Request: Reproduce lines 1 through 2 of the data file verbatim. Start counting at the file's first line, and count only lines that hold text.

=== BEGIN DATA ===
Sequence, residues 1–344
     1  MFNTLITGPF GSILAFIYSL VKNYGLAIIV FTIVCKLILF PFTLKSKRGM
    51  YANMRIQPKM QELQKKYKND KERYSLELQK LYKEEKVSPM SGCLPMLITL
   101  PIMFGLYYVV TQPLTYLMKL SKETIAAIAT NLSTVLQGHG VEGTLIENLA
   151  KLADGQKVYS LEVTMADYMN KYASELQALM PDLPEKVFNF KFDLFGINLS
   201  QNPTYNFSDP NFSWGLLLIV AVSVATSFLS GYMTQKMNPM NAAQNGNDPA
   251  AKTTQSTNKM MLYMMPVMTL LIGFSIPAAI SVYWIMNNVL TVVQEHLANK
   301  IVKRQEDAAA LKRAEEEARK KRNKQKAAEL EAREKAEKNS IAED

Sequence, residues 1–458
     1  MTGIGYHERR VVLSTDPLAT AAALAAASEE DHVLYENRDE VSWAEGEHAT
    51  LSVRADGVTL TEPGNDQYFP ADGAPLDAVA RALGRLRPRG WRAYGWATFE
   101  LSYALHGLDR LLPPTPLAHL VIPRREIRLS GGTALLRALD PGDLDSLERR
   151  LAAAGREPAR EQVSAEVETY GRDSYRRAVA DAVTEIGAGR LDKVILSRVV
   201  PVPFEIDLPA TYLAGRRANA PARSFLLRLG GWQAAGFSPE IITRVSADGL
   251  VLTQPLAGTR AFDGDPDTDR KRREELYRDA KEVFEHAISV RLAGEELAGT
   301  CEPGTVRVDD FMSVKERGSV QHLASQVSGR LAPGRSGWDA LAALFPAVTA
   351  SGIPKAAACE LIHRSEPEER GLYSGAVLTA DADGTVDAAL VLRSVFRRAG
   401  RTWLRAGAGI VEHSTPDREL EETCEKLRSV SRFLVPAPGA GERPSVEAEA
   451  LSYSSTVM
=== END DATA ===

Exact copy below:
Sequence, residues 1–344
     1  MFNTLITGPF GSILAFIYSL VKNYGLAIIV FTIVCKLILF PFTLKSKRGM